Poor old Arthur Less is a bit hopeless in the love department, a bit clueless about life and how he fits into the world. It makes for some amusing times, although for me, it’s not laugh- out loud funny, yet for others it may be.

“Perhaps Less, alone, is kidding. Here, looking at his clothes – black jeans for New York, khaki for Mexico, blue suit for Italy, down for Germany, linen for India – costume after costume. Each one is a joke, and the joke is on him: Less the gentleman, Less the author, Less the tourist, Less the hipster, Less the colonialist. Where is the real Less? Less the young man terrified of love? The dead-serious Less of twenty-five years ago? Well, he had not packed him at all. After all these years, Less doesn’t even know where he’s stored.”

The writing is magnificent with descriptions of place so intricate and long in sentence that you feel you’re right there in the thick of it.

“It’s nothing like he expected, the sun flirting with him among the trees and houses; the driver speeding along a crumbling road alongside which trash was piled as if washed there; the endless series of shops, as if made from one continuous concrete barrier, painted at intervals with different signs advertising chickens and medicine, coffins and telephones, pet fish and cigarettes, hot tea and ‘homely’ food, …”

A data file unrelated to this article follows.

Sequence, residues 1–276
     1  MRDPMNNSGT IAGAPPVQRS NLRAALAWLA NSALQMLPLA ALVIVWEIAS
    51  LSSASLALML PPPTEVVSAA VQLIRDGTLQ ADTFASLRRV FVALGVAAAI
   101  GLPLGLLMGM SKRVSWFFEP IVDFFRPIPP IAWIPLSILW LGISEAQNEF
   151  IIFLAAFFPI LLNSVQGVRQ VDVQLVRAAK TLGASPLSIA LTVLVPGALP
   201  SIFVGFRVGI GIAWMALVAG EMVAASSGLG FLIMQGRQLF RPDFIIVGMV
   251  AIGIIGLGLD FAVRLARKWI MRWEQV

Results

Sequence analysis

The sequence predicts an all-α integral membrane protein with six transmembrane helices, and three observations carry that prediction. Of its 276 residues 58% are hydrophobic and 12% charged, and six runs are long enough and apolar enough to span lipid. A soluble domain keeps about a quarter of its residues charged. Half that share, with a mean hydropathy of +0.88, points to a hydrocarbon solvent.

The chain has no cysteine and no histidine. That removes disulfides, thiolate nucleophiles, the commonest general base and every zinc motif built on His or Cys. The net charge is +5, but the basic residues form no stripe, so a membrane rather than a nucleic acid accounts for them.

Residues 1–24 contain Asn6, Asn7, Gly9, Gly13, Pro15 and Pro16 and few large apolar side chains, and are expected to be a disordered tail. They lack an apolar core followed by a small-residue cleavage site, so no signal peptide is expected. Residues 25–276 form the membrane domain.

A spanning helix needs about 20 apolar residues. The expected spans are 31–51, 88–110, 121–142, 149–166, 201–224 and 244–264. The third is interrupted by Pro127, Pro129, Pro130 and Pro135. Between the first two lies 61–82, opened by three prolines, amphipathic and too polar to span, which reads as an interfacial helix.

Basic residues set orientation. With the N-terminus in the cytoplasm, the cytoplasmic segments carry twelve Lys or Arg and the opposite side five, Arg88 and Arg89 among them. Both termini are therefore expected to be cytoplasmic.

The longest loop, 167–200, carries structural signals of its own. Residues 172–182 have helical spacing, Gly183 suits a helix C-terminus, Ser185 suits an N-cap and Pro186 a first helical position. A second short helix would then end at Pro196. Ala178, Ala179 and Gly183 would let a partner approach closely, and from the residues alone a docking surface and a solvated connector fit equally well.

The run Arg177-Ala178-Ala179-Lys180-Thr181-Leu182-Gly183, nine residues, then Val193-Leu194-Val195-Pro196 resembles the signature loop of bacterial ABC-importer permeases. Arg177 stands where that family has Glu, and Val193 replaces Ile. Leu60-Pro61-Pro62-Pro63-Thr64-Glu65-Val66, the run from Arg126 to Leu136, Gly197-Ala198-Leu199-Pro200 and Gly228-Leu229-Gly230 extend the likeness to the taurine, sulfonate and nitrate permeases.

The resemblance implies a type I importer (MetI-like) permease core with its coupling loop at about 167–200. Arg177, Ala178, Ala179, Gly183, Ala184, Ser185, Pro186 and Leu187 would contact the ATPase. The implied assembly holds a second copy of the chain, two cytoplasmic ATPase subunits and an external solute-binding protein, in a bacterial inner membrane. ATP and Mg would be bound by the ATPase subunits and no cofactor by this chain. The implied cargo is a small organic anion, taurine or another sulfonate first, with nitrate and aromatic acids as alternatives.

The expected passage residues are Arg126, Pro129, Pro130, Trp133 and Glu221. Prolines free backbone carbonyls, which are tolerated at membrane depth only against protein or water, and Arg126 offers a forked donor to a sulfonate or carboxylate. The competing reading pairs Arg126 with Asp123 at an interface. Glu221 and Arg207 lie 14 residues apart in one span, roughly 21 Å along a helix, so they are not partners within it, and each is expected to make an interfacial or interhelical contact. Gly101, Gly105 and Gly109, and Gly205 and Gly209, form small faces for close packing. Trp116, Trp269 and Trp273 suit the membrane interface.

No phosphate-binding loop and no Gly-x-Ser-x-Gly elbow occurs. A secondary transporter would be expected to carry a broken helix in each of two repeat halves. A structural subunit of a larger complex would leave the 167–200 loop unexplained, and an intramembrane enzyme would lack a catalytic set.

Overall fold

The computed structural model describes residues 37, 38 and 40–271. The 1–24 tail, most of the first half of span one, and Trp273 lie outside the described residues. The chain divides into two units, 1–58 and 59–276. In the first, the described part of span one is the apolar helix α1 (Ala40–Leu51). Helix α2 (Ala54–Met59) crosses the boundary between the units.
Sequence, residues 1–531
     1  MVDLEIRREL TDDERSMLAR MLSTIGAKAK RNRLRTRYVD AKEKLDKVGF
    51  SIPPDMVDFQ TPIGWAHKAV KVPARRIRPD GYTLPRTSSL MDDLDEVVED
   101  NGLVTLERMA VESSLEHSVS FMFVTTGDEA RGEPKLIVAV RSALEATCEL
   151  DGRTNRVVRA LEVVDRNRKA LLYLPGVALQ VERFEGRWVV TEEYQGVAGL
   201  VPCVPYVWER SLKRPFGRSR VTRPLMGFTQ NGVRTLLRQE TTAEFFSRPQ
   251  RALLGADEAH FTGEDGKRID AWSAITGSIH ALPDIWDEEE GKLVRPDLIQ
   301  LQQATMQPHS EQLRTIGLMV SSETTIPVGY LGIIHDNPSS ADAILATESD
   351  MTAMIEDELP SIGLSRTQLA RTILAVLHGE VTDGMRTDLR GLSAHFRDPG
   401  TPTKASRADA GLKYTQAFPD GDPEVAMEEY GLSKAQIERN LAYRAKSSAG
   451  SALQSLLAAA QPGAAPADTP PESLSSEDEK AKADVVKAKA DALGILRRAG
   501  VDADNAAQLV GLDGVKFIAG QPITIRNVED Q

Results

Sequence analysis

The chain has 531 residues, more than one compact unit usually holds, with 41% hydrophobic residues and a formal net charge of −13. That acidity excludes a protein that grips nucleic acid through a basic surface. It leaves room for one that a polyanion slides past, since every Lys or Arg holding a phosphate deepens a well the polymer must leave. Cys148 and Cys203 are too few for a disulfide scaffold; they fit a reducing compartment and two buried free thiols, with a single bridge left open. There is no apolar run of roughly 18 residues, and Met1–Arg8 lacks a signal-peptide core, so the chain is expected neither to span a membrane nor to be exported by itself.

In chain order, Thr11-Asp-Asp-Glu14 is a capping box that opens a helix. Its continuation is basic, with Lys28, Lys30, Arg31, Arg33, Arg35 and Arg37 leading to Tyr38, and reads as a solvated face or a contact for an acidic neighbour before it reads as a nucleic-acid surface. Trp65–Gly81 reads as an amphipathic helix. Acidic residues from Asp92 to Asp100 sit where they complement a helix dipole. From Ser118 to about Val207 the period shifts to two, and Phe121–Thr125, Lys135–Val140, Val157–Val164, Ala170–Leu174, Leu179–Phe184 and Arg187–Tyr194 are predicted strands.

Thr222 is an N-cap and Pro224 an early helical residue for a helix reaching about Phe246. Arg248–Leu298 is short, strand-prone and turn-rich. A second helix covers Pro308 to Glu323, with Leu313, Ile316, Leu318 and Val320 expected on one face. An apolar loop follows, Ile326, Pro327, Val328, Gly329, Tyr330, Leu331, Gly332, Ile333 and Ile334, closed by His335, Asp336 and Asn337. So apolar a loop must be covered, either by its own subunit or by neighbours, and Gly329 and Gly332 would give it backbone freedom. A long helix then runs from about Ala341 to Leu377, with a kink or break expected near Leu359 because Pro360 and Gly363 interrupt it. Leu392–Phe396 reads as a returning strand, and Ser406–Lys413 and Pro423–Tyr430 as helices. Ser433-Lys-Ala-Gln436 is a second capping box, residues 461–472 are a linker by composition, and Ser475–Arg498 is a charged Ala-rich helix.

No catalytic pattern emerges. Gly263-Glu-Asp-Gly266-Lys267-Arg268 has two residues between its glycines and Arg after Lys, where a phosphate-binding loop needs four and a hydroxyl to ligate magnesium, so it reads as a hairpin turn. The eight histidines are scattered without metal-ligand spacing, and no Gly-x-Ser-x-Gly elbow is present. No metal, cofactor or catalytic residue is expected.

I confess to feeling a bit ho hum about this book at first and it seemed like a travel log reminiscent of Eat, Pray, Love – gasp – except the themes of self-doubt, lost love and age are central. I wondered where it was going and as I continued on my reading journey, Arthur Less grew on me, bit by bit. The end brought it all together, the twist, revelation, call it what you will, was fantastic and filled me with love for this book.